How to Add the Greatest Good Each Day

greatest good

Each day starts with the question, “How can I best use my gifts and abilities in service today, for my greatest good and the greatest good of all?” In other words, how can I make the world a better place? The answers don’t always unfold as I think they should. Although I often can’t see how what I’m doing is having any effect, my role is to trust, do my best, and let go of my attachment to outcome.

Besides, who am I to know what the greatest good even is? For that matter, how do I even know what my greatest good is?

“The land has stories you need to hear and share,” I heard at Writing-On-Stone Park and that’s kept me walking on the beautiful natural landscapes near my home. Initially, I thought the message represented the cry of the earth from an ecological perspective. Now I take it to extend to all living beings.

Over the winter I’ve walked hundreds of miles, listening and gathering disparate stories. I may head out with a specific question that I’m seeking guidance for that day. Or, I may just start my walk by asking how I can best be of service to that land.

Now that I’ve had my first vaccination, the call has come from a different direction. My mom is in a Long-Term Care (LTC) residence, a four-hour round trip away. The province of Ontario allows each LTC resident to designate two (non-staff) essential caregivers who may provide direct care. These are the only visitors allowed. In collaboration with my siblings, we designated my sister, who lives nearby, and me. Even so, in weighing the risks and benefits, we decided to suspend our in-person visits last October. That Mom receives excellent care and is generally content made the decision easier to make.

Vaccination, my first and Mom’s full, has changed the risk-benefit analysis. After my first post-October visit a week ago, I decided to try and tend to her twice a week.

It was a struggle to uproot two days of solitary walking in nature and insert eight hours of highway traffic every week. But aside from spending invaluable time with my mother, when I ask how can I best use my gifts in service, the answer is clear. Our time together is not only precious but mutually beneficial.

Before my visit I check in with the nursing staff to let them know I’ll be in and ask what I can do to ease their workload that evening.

It is such a gift to have the time and the skills to care for her as a daughter and a former nurse. I tell her that as I feed her the mush that’s on that evening’s menu. This time it’s an extra treat. My brother has made ham and split-pea soup and pureed it for her. Sometimes she rolls her eyes when I get too mushy. Other times, she responds from her heart and mumbles something like, “Me, too.”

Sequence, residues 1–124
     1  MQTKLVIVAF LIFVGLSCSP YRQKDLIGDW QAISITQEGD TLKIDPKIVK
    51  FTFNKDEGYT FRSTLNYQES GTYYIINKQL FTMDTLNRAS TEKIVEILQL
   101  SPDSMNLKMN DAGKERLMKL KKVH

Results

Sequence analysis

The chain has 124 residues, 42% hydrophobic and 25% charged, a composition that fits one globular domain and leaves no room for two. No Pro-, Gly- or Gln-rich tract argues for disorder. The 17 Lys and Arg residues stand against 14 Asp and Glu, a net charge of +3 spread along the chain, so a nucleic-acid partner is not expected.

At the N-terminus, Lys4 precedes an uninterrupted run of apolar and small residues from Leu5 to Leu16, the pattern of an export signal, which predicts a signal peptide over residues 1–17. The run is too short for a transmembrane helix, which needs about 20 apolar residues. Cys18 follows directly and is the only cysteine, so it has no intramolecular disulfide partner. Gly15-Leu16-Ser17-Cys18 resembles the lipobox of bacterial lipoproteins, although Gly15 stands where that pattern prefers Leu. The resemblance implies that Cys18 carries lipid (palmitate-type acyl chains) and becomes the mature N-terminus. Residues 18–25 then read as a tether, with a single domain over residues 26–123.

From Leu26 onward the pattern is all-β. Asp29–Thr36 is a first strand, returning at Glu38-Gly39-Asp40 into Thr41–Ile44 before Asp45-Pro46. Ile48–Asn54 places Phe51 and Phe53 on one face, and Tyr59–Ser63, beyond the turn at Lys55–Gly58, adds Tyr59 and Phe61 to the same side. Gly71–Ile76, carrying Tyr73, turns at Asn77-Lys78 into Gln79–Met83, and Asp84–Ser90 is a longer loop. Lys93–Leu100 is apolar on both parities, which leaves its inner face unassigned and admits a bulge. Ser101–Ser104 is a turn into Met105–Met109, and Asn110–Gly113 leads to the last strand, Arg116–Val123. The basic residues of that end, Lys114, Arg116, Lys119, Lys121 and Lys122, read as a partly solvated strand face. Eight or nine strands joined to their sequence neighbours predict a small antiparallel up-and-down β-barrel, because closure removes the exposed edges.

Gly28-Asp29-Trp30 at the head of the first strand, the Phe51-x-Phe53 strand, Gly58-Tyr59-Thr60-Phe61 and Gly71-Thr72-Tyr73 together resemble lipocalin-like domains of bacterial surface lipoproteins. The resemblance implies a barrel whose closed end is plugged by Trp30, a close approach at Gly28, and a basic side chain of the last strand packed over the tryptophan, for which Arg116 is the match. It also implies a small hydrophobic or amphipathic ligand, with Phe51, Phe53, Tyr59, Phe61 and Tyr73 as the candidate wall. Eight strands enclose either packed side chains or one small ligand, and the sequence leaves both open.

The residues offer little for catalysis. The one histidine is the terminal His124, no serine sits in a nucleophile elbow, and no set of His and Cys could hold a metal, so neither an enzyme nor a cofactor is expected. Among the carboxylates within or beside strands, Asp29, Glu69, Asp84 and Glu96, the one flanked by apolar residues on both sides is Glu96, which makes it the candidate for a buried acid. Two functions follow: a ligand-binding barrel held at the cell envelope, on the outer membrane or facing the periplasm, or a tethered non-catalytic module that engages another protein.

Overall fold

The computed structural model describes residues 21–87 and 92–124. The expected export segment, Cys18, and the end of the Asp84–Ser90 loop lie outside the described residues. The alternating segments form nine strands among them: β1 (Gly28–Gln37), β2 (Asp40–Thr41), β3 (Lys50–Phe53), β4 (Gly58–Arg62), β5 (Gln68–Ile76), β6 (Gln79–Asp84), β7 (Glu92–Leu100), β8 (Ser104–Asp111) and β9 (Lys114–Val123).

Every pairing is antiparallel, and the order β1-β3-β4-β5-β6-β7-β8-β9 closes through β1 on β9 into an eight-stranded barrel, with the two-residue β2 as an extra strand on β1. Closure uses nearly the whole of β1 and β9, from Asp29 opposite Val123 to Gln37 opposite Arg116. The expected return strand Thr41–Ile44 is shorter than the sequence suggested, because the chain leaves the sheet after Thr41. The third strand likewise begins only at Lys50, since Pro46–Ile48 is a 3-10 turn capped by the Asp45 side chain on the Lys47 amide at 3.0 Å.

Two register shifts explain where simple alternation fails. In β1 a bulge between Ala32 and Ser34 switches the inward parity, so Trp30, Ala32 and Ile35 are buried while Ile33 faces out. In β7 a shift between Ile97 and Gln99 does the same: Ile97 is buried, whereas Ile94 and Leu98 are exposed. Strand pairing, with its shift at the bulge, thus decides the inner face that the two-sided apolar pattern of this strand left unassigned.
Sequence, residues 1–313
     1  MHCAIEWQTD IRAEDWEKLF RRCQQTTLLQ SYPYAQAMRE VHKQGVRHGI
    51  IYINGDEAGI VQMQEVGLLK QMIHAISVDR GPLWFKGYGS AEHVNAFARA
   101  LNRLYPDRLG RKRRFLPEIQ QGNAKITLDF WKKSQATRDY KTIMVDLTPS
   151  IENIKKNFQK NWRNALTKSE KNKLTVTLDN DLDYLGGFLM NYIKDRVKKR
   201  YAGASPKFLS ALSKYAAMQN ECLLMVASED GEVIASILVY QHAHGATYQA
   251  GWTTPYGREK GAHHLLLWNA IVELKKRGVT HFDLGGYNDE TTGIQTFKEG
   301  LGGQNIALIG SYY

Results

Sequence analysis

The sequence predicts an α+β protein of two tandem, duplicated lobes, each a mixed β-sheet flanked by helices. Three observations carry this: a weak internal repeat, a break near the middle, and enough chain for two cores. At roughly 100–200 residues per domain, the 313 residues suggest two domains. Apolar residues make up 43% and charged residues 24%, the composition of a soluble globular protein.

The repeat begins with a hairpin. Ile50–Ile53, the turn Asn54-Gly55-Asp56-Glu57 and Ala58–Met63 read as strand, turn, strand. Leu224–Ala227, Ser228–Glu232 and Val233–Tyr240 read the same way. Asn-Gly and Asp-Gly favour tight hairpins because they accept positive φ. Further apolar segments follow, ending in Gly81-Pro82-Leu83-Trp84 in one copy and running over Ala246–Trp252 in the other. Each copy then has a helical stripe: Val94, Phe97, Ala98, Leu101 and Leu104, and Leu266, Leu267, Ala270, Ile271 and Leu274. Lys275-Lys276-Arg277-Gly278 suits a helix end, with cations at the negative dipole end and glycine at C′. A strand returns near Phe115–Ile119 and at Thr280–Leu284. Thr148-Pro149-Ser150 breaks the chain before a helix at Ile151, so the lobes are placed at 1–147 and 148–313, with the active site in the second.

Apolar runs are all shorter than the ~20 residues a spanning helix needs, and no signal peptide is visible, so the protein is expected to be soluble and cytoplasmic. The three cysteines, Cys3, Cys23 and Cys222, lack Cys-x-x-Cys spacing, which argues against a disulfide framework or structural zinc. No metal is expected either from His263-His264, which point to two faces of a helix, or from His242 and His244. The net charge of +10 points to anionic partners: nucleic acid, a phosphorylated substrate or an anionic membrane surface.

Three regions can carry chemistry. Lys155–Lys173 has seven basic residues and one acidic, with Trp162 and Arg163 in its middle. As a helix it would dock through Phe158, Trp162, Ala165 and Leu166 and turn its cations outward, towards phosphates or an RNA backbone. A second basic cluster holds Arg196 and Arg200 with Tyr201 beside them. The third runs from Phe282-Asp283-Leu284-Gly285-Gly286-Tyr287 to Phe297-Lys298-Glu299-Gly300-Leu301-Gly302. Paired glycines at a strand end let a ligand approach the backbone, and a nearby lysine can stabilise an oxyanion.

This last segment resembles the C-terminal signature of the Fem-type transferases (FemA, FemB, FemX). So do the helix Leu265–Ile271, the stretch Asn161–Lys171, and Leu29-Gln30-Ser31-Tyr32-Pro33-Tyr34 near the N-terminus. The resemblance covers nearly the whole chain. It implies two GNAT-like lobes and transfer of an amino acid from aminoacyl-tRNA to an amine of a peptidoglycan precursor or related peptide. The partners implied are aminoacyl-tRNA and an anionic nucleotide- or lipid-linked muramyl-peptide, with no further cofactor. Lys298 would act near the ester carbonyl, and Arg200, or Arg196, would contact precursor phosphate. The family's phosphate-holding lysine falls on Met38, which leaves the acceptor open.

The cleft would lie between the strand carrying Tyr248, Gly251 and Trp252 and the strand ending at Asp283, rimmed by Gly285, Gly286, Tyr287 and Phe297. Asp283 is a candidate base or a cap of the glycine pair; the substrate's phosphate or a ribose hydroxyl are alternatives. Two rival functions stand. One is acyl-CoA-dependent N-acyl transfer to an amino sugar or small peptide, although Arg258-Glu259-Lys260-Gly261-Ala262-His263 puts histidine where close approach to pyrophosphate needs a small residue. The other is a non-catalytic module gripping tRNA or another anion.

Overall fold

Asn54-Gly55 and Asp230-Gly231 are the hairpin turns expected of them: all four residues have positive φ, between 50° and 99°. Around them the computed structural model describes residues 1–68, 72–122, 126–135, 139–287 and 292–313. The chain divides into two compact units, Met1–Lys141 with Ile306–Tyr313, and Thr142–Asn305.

After a prolonged meal, it’s time to get ready for bed. She smiles when I place a warm cloth on her face and hands before massaging them. Then it’s time to rub the size 9N feet that have walked more miles than I’ll likely ever see. She sits across from me in her wheelchair as we place one foot at a time into my lap. Care staff simply don’t have time for these luxuries.

Usually, she’s quite chatty, easily moving between German and English. I’ve been practicing German on Duolingo for more than a year and my forgotten first language is coming back nicely. Whichever language she speaks, I don’t comprehend the direct meaning but the message usually comes through. I tell her it’s such a gift to be able to do this for her. She looks at me from her heart and nods her head. “Thank you,” she says, her voice strong and clear.

When the Personal Support Workers make their bedtime rounds, she’s already in her nightie so they use the lift to assist her onto the toilet and from there to bed. I massage her back, taking me back to my hospital nursing days when everyone got a back rub at bed time. I pull the duvet up and tuck it in around her neck. We would have read but she’s already sound asleep.

The health of all depends on the health of each of us. There are so many things that need our attention and we each have unique gifts to offer towards the greatest good. Use them! You can’t go wrong.

What does your loved one need to help her settle for the night?

What can help alleviate the workload on a front line worker?

What does a forest need to sustain itself?

What does the planet need to return to health and wholeness?

Whether you’re caring for your loved ones, reducing your consumption of nonrenewable resources, or extending kindness and compassion to a stranger in need, you’ll make a difference.

Photo by Bobbi Gaukel on Unsplash


Author, writer, student and motorcycle aficionado Liz Jansen combines her artistic mediums to create stories that inspire readers to embark on their own journey of self-discovery. No helmet or jacket required.

12 Comments on “How to Add the Greatest Good Each Day

  1. Wonderful story about your Mom and how you can help her and the staff. Glad you both have the vaccine sista 🙂

    • Thanks Jean. And it helps me too! 🙂 I’m super grateful to have the vaccine and am putting it to good use! Hope you get yours soon if you haven’t already.

    • Thanks Adelaide. Was thinking about you last time I was there. She looked at a photo of her and dad and said, “Oh look! It’s Tante Gretel and Onkel Heinrich!” 🙂

  2. “Although I often can’t see how what I’m doing is having any effect, my role is to trust, do my best, and let go of my attachment to outcome.”
    It has taken me most of my life to learn this lesson. Thank you for the reminder.

  3. Thank you for your story. Wished I could have done this for my Mom. She languished in a home in Germany. A flight home was just not enough. Treasure your mother.